TDA7265 No Feedback Capacitor Question - diyAudio
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Old 6th August 2015, 03:30 AM   #1
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Default TDA7265 No Feedback Capacitor Question

Hi,

On the TDA7265 datasheet, the following schematic is found.
Click the image to open in full size.

My question is regarding the 18k + 560R resistors to set the closed loop gain.
To my knowledge, usually there is a capacitor in series with 560R when i compare with other chipamp datasheet (LM1875 and LM3886 for example).

Like so..
Click the image to open in full size.

Why is there none on the TDA7265? Isn't this a disadvantage in keeping the output offset minimum? Would it work if i put a capacitor anyway?
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Old 6th August 2015, 03:52 AM   #2
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I'd suggest including the capacitor - since the input offset can be up to 20mV the output offset could be up to 660mV without the cap.
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Old 6th August 2015, 03:56 AM   #3
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Yes indeed..
So, it would still work with the cap, then?

But why would STMicroelectronics suggest such schematic on the datasheet?
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Old 6th August 2015, 04:00 AM   #4
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It would work better with the cap in yes, at least in the worst case situation where you could have 100mA flowing through the speaker voicecoil in quiescent conditions.

Plenty of oversights occur in manufacturers' datasheets.
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Old 6th August 2015, 04:04 AM   #5
sangram is offline sangram  India
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It will work both ways but you will have output offset either equal to the input offset - with cap - or multiplied by gain of the amp, if you do not use the cap.

The schematic is only for reference. The user has to implement the circuit based on their requirements of AC/DC gain, whether other things like servo etc will be installed, and whether they want tone controls in the feedback path...
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Old 6th August 2015, 04:05 AM   #6
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Just the answers i needed!

Thank you all!
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Old 8th August 2015, 09:36 AM   #7
AndrewT is offline AndrewT  Scotland
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One can minimise the output offset by equalising the "resistance" seen by the two inputs.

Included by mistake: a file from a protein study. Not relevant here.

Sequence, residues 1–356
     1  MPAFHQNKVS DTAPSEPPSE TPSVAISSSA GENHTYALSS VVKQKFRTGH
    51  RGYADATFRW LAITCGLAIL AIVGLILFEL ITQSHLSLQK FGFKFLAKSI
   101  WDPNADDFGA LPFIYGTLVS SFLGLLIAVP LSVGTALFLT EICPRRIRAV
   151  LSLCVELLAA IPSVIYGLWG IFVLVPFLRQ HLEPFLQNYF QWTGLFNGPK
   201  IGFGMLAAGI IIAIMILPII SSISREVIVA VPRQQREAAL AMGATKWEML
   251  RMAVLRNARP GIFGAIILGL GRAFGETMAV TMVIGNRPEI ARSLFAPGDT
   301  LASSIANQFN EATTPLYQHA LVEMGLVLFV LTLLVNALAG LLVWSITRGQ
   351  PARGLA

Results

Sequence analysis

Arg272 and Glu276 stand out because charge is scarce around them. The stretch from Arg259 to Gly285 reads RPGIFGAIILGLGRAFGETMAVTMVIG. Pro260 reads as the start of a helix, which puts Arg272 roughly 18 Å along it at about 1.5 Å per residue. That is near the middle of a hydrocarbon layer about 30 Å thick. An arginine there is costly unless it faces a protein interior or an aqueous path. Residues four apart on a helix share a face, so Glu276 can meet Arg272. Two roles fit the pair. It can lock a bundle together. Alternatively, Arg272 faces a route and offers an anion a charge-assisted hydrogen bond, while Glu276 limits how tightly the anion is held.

+IN sees an unknown internal resistor. The value is probably specified in the datasheet.
-IN sees 18k||560r or ~543r when no capacitor is fitted.
Adding the capacitor changes that resistance seen by -IN to 18k

You want to make +IN the same as -IN.
either decrease +IN to 543r, or add that capacitor and change +IN to 18k.
Then measure the actual output offset and trim the resistance to eliminate the remaining offset.

Unfortunately the output offset changes with chip temperature. It will wander as the chip warms up.
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Old 11th August 2015, 03:17 PM   #8
johnr66 is offline johnr66  United States
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Quote:
Originally Posted by abraxalito View Post
It would work better with the cap in yes, at least in the worst case situation where you could have 100mA flowing through the speaker voicecoil in quiescent conditions.

Plenty of oversights occur in manufacturers' datasheets.
I wouldn't call it an oversight in this case. Manufacturer likely did this on purpose to keep the part count low to lure customers. They could have optimized the IC design to keep the output offset minimal as long as customer uses recommended parts.
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Old 11th August 2015, 11:11 PM   #9
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I agree, good point. I've noticed they've done precisely the same thing on other amp parts' datasheets.

So how could they avoid the worst case 100mA through the voicecoil through optimizing the IC design?
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Old 12th August 2015, 12:10 AM   #10
johnr66 is offline johnr66  United States
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Quote:
Originally Posted by abraxalito View Post
I agree, good point. I've noticed they've done precisely the same thing on other amp parts' datasheets.

So how could they avoid the worst case 100mA through the voicecoil through optimizing the IC design?
Tighter DC design. As I heard an TI engineer say about the LM675. "All these are is an LM1875 with tighter DC tolerances."
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